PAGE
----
The Industrial Age of Hacking


Timothy Nosco, United States Army; Jared Ziegler, National Security Agency; Zechariah Clark and Davy Marrero, United States Navy; Todd Finkler, United States Air Force; Andrew Barbarello, United States Navy; W. Michael Petullo, United States Army


There is a cognitive bias in the hacker community to select a piece of software and invest significant human resources into finding bugs in that software without any prior indication of success. We label this strategy depth-first search and propose an alternative: breadth-first search. In breadth-first search, humans perform minimal work to enable automated analysis on a range of targets before committing additional time and effort to research any particular one.

We present a repeatable human study that leverages teams of varying skill while using automation to the greatest extent possible. Our goal is a process that is effective at finding bugs; has a clear plan for the growth, coaching,and efficient use of team members; and supports measurable, incremental progress. We derive an assembly-line process that improves on what was once intricate, manual work. Our work provides evidence that the breadth-first approach increases the effectiveness of teams.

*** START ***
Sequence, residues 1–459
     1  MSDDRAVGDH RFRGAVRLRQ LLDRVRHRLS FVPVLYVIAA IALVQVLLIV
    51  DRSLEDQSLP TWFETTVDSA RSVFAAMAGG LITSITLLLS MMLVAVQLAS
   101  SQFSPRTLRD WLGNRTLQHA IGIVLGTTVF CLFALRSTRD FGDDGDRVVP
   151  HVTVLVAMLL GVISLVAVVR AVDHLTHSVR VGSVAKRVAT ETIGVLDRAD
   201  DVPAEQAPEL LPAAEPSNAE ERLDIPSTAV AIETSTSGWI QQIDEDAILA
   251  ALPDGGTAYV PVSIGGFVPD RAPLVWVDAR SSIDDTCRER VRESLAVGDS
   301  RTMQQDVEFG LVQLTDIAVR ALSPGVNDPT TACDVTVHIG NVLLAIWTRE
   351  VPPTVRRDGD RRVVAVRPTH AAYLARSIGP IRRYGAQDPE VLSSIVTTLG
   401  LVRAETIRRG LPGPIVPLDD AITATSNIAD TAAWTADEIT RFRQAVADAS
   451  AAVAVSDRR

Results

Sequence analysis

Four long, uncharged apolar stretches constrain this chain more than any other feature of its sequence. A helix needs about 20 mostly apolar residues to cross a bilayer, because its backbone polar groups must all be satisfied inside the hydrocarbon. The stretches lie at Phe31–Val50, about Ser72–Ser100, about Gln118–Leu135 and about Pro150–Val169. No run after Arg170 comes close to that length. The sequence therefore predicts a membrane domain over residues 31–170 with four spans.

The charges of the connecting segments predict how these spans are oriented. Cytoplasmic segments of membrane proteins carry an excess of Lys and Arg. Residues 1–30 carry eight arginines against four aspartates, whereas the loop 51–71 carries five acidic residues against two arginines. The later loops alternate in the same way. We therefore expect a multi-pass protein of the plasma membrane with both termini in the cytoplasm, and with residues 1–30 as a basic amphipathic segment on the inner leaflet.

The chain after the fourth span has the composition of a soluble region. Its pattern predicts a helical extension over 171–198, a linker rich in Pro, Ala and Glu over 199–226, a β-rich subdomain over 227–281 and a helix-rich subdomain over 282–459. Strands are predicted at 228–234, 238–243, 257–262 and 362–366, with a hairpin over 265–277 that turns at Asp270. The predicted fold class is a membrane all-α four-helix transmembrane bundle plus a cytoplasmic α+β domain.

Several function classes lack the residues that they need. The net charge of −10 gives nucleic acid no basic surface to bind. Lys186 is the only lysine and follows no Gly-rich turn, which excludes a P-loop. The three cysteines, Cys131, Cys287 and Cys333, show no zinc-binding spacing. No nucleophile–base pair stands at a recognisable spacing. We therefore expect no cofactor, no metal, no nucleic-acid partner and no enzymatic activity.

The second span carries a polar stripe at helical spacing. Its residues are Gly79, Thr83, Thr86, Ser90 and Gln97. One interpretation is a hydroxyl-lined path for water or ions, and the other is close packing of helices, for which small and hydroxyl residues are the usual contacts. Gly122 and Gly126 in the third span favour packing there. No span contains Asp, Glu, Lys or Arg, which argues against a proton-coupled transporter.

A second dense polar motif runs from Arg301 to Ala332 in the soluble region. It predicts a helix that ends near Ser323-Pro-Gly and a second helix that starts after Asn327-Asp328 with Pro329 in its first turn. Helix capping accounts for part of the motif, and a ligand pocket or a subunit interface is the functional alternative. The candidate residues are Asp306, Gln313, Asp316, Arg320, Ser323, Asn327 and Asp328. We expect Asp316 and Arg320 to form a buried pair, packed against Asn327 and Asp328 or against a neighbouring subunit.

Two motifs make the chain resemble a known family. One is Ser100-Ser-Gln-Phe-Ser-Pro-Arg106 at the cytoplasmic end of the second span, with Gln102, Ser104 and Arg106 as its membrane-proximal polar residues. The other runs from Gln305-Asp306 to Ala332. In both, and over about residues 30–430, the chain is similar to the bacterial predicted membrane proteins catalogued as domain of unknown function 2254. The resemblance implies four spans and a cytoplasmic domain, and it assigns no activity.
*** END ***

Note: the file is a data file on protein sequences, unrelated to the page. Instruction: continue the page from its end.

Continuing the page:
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@inproceedings {255246,
author = {Timothy Nosco and Jared Ziegler and Zechariah Clark and Davy Marrero and Todd Finkler and Andrew Barbarello and W. Michael Petullo},
title = {The Industrial Age of Hacking},
booktitle = {29th {USENIX} Security Symposium ({USENIX} Security 20)},
year = {2020},
isbn = {978-1-939133-17-5},
pages = {1129--1146},
url = {},
publisher = {{USENIX} Association},
month = aug,

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